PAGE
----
10 Tips for Parents
The National Campaign to Prevent Teen Pregnancy
has presented 10 tips on how parents can become involved (or
more involved) in their teens’ lives.
- BE CLEAR ABOUT YOUR OWN SEXUAL VALUES AND ATTITUDES.
Communicating with your children about sex, love and relationships
is often more successful when you are certain in your own
mind about these issues. Know what your own values and attitudes
are and share them with your child.
- TALK WITH YOUR CHILD EARLY AND OFTEN ABOUT SEX, AND BE
SPECIFIC. Kids have lots of questions about sex, and they
often say that the source they’d most like to go to
for answers are their parents. Start the conversation, and
make sure that it is honest, open, and respectful. If you
can’t think of how to start the discussion, consider
using situations shown on television or in movies as conversation
starters. Tell them candidly and confidently what you think
and why you take these positions. Age appropriate conversations
about relationships and intimacy should begin early in a
child’s life and continue through adolescence. DO
NOT wait until your child is a teen to begin discussions.
Kids need a lot of communication, guidance, and information
about these issues, even if they don’t appear to be
interested in what you have to say.
- SUPERVISE AND MONITOR YOR CHILDREN AND ADOLESCENTS. Establish
curfews, rules and standards of expected behavior. (Supervising
and monitoring your kid’s whereabouts doesn't make
you a nag, it makes you a parent!)
- KNOW YOUR CHILDREN’S FRIENDS AND THEIR FAMILIES.
Friends have strong influences on each other, so help your
children and teenagers become friends with kids whose families
share your values. Welcome your children’s friends
into your home and talk with them openly.
- DISCOURAGE EARLY, FREQUENT, AND STEADY DATING. Group activities
among young people are fine and often fun, but allowing
teens to begin steady, one-on-one dating, much before the
age of 16, can lead to trouble.
- TAKE A STRONG STAND AGAINST YOUR DAUGHTER DATING A BOY
WHO IS SIGNIFICANTLY OLDER THAN SHE IS. And don’t
allow your son to develop an intense relationship with a
girl much younger than he is. Try setting a limit of no
more than a two- (or at most three-) year age difference.
The power of differences between younger girls and older
boys or men can lead girls to risky situations, including
unwanted sex and sex with no protection.
- OFFER OPTIONS FOR THE FUTURE THAT ARE MORE ATTRACTIVE
TO TEENAGERS THAN EARLY PREGNANCY AND PARENTHOOD. The chances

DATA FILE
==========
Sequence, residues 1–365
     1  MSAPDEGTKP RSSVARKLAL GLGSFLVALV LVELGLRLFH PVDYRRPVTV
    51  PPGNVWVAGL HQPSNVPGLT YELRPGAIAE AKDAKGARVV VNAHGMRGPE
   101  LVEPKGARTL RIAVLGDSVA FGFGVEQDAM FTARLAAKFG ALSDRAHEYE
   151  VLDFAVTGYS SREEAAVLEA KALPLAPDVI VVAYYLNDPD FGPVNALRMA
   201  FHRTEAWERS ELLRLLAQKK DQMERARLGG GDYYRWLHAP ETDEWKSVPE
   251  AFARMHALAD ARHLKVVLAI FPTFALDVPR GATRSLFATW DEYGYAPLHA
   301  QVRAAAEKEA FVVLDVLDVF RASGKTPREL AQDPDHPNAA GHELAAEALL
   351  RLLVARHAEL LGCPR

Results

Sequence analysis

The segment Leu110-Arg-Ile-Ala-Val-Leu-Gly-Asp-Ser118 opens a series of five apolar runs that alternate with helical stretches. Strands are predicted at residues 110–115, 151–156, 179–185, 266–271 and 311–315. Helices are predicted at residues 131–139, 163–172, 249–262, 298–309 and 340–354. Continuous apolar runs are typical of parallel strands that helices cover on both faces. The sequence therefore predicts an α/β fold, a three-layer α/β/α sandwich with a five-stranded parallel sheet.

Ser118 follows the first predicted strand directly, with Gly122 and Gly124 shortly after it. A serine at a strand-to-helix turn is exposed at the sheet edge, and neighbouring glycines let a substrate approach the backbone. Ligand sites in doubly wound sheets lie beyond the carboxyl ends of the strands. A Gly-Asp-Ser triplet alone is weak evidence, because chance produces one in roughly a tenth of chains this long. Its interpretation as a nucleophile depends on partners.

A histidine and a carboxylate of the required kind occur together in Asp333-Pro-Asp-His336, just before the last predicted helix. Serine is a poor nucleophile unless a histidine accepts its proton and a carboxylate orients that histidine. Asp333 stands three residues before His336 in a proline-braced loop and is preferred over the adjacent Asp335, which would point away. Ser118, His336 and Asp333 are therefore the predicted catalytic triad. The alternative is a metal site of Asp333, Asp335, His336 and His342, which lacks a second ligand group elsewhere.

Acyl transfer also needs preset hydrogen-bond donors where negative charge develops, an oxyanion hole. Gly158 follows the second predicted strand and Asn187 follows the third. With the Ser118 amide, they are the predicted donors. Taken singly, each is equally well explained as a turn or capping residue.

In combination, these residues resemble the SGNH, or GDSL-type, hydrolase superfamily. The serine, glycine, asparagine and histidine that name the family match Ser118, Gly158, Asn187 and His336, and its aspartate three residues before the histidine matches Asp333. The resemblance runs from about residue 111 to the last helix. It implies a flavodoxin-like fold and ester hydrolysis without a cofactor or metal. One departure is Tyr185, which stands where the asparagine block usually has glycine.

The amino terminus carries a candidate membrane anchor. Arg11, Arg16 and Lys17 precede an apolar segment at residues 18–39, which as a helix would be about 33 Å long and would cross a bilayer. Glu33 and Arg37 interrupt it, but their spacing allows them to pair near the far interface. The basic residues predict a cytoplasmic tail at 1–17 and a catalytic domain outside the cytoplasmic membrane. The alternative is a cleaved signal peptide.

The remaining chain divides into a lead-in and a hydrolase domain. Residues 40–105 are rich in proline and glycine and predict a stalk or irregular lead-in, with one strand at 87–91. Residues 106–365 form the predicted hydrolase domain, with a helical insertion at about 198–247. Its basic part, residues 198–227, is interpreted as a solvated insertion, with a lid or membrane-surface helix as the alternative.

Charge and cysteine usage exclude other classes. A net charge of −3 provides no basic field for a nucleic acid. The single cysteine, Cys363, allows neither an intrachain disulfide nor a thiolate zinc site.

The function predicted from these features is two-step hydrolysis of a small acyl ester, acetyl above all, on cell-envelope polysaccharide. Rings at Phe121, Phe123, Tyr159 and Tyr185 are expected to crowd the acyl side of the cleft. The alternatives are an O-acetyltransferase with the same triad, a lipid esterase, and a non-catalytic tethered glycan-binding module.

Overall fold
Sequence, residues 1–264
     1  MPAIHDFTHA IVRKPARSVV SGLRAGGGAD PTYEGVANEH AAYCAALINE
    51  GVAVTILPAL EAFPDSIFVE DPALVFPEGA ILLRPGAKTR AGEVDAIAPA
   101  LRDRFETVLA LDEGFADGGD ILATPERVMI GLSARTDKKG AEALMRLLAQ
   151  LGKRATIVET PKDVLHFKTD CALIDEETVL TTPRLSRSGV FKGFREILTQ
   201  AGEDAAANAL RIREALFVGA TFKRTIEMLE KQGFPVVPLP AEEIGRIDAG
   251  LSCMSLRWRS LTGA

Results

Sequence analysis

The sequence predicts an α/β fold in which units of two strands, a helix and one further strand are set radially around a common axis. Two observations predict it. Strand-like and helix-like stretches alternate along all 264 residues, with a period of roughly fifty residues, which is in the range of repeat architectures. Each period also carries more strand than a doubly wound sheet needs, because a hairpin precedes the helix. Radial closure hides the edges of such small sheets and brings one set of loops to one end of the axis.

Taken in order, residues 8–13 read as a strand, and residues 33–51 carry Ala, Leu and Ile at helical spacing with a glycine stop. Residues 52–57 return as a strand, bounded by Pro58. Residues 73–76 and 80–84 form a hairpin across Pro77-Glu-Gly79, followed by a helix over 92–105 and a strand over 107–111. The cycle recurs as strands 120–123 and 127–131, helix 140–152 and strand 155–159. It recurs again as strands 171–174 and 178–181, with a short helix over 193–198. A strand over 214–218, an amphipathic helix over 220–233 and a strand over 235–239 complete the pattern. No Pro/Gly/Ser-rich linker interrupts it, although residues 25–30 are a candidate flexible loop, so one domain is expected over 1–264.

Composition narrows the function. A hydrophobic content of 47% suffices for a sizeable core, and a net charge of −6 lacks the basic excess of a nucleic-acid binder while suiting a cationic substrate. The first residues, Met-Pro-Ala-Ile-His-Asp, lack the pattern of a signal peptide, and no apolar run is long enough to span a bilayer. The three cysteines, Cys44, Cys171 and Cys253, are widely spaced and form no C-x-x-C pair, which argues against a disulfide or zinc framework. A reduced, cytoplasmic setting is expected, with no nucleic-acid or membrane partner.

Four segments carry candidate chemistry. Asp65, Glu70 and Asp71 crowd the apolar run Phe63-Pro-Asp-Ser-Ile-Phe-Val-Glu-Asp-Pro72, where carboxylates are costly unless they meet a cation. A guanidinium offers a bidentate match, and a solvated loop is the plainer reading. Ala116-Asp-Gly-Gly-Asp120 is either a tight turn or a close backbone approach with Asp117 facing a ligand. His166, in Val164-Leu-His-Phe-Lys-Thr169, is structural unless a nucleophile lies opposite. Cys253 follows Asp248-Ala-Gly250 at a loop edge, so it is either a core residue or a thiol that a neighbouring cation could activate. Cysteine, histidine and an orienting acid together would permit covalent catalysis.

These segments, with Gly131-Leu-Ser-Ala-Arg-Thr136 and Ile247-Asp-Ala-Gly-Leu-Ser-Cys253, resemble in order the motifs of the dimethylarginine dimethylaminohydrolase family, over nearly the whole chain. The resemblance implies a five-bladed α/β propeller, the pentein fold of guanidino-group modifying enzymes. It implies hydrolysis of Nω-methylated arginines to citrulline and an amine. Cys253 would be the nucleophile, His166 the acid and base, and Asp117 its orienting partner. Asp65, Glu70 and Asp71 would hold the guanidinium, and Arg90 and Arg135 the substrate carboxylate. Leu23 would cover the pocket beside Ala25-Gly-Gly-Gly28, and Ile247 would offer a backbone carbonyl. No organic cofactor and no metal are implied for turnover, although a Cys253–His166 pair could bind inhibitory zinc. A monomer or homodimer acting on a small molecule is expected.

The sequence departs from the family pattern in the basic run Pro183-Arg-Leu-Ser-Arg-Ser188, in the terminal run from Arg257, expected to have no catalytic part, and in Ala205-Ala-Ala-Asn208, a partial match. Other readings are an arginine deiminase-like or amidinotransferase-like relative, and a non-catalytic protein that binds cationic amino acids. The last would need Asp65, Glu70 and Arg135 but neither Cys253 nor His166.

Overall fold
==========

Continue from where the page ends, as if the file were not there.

that your children will delay sex, pregnancy and parenthood
are significantly increased if their futures appear bright.
Set goals, talk to your teens about how to achieve those
goals. Explain how teen pregnancy can crush those goals.
- LET YOUR KIDS KNOW THAT YOU VALUE EDUCATION HIGHLY. Encourage
your children to take school seriously. Set high expectations
about their school performance. Be attentive to your child's
school performance, and intervene early if things aren't
going well. Limit the number of hours your teen gives to
part-time jobs to a maximum of 20 hours per week. Volunteer
at the school.
- KNOW WHAT YOUR KIDS ARE WATCHING, READING, AND LISTENING
TO. The media (TV, radio, music videos, magazines, Internet)
are chock full of material that sends the wrong message.
Is what your child sees or hears consistent with your values?
Explain to your children why you don’t want them to
watch or listen to certain programs. You may not be able
to fully control what your children see and hear, but you
can make your views known and control your home environment.
- THESE FIRST NINE TIPS FOR HELPING CHILDREN AVOID TEEN
PREGNANCY WORK BEST WHEN THEY OCCUR AS PART OF STRONG, CLOSE
RELATIONSHIPS WITH YOUR CHILDREN THAT ARE BUILT FROM AN
EARLY AGE. Strive for a relationship that is warm in tone,
firm in discipline, and rich in communication, and one that
emphasizes mutual trust and respect.
A final note…it’s never too late
to improve a relationship with a child or teenager. Don’t
underestimate the greatest need that children feel (at all
ages) for close relationship with their parents and for their
parents’ guidance, approval and support.
If you would like additional information on how to talk
with your teen on sex, call the Health Education Division
at the Wayne County Health Department at 731-1291.